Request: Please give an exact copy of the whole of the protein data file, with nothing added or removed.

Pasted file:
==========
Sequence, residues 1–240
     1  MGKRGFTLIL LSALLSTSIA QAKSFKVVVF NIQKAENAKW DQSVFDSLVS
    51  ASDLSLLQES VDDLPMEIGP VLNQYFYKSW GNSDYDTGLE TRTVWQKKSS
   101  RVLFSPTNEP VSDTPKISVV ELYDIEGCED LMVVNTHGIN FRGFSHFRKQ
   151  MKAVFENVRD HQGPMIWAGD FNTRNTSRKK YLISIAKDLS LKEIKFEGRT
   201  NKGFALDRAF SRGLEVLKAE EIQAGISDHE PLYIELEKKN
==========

Sequence, residues 1–240
     1  MGKRGFTLIL LSALLSTSIA QAKSFKVVVF NIQKAENAKW DQSVFDSLVS
    51  ASDLSLLQES VDDLPMEIGP VLNQYFYKSW GNSDYDTGLE TRTVWQKKSS
   101  RVLFSPTNEP VSDTPKISVV ELYDIEGCED LMVVNTHGIN FRGFSHFRKQ
   151  MKAVFENVRD HQGPMIWAGD FNTRNTSRKK YLISIAKDLS LKEIKFEGRT
   201  NKGFALDRAF SRGLEVLKAE EIQAGISDHE PLYIELEKKN